American Association for Cancer Research Annual Meeting
American Association for Cancer Research Annual Meeting
Perspective from Louis M. Weiner, MD
April 15, 2018
3 min read

Pembrolizumab reduces recurrence risk in stage III melanoma

Perspective from Louis M. Weiner, MD
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Alexander M.M. Eggermont

CHICAGO — Patients with stage III melanoma at high risk for recurrence after surgery demonstrated significantly reduced risk for recurrence after 1 year of treatment with pembrolizumab, according to results from the KEYNOTE-054/EORTC 1325 trial presented at American Association for Cancer Research Annual Meeting.

“Over the course of 15 years, from 1996 to 2009, three type of regimens of interferon were approved by the FDA, but all basically — whether it was high-dose, low-dose or pegylated interferon — had a very marginal impact on stage III melanoma,” Alexander M.M. Eggermont, MD, PhD, director general of Gustave Roussy Cancer Campus Grand Paris in Villejuif, France, said during a press conference. “Now we have a new era where, in a very short amount of time, we’ve seen the new drugs one by one establish their activity in advanced melanoma. They have also been shown to [have a significant impact] in the adjuvant setting.”

Patients with stage IIIa melanoma have a high risk for recurrence. Five-year relapses rates are 37% among those with stage IIIa disease, 68% among those with stage IIIb disease, and 89% among those with stage IIIc disease.

In the double-blind, phase 3 KEYNOTE-054/EORTC 1325 trial, Eggermont and colleagues assessed the efficacy of the anti-PD-1 therapy pembrolizumab (Keytruda, Merck) for 1,019 patients with stage III melanoma at high risk for recurrence after complete tumor resection.

All patients underwent complete and adequate resection and had at least one positive sentinel node.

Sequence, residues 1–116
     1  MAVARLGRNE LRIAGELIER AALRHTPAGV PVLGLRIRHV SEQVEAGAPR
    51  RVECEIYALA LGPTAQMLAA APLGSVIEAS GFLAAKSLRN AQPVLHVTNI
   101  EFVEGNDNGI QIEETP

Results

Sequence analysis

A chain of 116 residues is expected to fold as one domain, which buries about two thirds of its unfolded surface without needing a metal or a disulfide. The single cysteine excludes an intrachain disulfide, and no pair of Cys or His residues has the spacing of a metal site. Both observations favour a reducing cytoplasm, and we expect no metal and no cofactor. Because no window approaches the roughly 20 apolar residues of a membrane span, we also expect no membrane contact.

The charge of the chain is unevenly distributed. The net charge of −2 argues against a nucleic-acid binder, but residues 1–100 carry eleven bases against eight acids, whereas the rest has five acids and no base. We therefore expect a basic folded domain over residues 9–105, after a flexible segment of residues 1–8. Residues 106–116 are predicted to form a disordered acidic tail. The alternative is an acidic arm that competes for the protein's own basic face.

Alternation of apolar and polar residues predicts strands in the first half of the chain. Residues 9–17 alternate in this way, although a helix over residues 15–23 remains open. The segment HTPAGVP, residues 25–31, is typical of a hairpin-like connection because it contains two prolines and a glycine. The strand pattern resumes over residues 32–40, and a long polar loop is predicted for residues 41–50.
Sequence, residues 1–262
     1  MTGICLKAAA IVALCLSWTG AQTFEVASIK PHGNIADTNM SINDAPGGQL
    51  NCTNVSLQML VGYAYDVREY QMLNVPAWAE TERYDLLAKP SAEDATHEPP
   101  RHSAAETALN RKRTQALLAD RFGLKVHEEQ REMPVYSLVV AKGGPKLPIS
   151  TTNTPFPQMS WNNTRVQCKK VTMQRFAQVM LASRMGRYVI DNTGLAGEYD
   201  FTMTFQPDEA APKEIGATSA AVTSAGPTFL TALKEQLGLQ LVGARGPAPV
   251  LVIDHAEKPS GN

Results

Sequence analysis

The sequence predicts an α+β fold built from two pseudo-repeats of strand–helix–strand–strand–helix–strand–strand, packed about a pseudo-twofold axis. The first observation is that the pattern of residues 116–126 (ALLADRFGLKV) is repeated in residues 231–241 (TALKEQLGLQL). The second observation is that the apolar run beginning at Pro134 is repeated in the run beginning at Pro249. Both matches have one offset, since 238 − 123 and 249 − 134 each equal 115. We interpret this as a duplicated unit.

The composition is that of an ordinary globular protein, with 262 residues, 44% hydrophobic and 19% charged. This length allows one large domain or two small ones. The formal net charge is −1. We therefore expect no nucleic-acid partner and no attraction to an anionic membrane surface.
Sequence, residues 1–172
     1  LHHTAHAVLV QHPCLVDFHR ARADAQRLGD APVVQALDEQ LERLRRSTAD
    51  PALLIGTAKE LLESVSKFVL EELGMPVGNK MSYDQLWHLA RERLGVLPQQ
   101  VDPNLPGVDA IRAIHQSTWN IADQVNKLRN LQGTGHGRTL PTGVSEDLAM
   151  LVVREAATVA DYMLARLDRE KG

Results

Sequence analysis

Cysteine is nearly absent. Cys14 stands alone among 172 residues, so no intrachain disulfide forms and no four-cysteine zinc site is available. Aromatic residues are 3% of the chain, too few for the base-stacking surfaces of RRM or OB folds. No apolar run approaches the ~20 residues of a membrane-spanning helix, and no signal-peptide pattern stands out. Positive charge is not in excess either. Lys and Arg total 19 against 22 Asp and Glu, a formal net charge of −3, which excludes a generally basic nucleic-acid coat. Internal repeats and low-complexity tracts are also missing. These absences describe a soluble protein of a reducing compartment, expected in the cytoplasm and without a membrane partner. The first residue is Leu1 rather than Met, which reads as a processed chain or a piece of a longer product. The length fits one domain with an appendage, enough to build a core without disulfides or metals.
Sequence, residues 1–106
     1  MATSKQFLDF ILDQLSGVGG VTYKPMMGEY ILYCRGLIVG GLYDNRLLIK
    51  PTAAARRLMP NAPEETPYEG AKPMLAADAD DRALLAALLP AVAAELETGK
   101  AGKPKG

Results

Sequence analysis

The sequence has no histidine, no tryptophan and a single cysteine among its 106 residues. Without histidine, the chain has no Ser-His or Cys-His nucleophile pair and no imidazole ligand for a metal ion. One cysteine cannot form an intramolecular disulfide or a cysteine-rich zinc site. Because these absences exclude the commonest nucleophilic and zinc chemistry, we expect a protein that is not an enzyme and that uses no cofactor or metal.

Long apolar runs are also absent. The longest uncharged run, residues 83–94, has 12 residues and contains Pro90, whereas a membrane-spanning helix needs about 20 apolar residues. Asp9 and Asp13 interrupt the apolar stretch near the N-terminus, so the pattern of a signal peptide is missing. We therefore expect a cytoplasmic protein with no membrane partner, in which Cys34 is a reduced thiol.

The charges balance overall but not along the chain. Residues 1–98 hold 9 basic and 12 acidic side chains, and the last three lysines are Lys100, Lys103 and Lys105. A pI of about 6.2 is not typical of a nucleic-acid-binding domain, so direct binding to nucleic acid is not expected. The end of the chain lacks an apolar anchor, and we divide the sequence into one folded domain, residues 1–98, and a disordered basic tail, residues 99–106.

Researchers randomly assigned patients 1:1 to 200 mg pembrolizumab or placebo every 3 weeks for a total of 18 doses, or until disease recurrence or unacceptable toxicity.

At Median follow-up of 1.25 years, 135 of 514 (26.2%) patients assigned pembrolizumab and 216 of 505 patients (42.7%) assigned placebo developed recurrent disease or died.

The results — published simultaneously in The New England Journal of Medicine — showed patients assigned pembrolizumab demonstrated a 43% reduced risk for recurrence than those assigned placebo (18-month RFS, 71.4% vs. 53.2%; HR = 0.57; 98.4% CI, 0.43-0.74).

Researchers observed the reduced recurrence risk among pembrolizumab-treated patients with PD-L1-positive tumors (HR = 0.54; 95% CI, 0.42-0.69) and those with PD-L1-negative tumors (HR = 0.47; 95% CI, 0.26-0.85).

“PD-L1 expression modulates and changes over time. It’s just a snapshot on a very small tumor load; therefore, you may not always assess PD-L1 expression in this context,” Eggermont said.

This may explain why pembrolizumab appeared effective even in PD-L1-negative tumors, he added.

Results of a subgroup analysis showed persistent RFS benefit with pembrolizumab, including among patients with:

  • Stage IIIa melanoma (HR = 0.32; 99% CI, 0.09-1.23);
  • Stage IIIb melanoma (HR = 0.56; 99% CI, 0.37-0.86);
  • Stage IIIc melanoma (HR = 0.58; 99% CI, 0.39-0.88);
  • BRAF 600E/V mutations (HR = 0.57; 99% CI, 0.37-0.89); and
  • BRAF wild-type disease (HR = 0.64; 99% CI, 0.42-0.96).

A higher percentage of patients assigned pembrolizumab experienced grade 3 to grade 5 drug-related adverse events (14.7% vs. 3.4%).

Pembrolizumab-treated patients experienced a higher rate of endocrine disorders (23.4% vs. 5%), most of which were grade 1 or grade 2. The most common immune-related adverse events in the pembrolizumab group included hypothyroidism (14.3% vs. 2.8%), hyperthyroidism (10.4% vs. 1.2%) and thyroiditis (3.1% vs. 0.2%). Most were grade 1 or grade 2.

Overall, 39 patients out of 514 patients experienced grade 3 adverse events. The most common grade 3 to grade 4 immune-related adverse events in the pembrolizumab group included colitis (2% for pembrolizumab vs. 0.2% for placebo), hepatitis (1.4% vs. 0.2%) and pneumonitis (0.8% vs. 0%).

One patient assigned pembrolizumab died due to myositis.

Researchers acknowledged limitations of the study, including limited follow-up and inability to determine treatment effect on OS.

“It’s convincingly demonstrated that pembrolizumab does have a significant impact on recurrence free survival, both in the overall population and in the PD-L1-positive patient population, and it’s true across all subgroups,” Eggermont said. “It also had a very favorable safety profile.” – by Cassie Homer


Eggermont AMM, et al. Abstract CT001. Presented at: American Association for Cancer Research Annual Meeting; April 14-18, 2018; Chicago.

Disclosures: Merck sponsored the study. Eggermont reports honorarium from Actelion, Agenus, Amgen, Bayer, Bristol-Myers Squibb, GlaxoSmithKline, HalioDx, Incyte, ISA Pharmaceuticals, MedImmune, Merck, Merck Serono, Nektar, Novartis, Pfizer and Sanofi. Please see the abstract for all other authors’ relevant financial disclosures.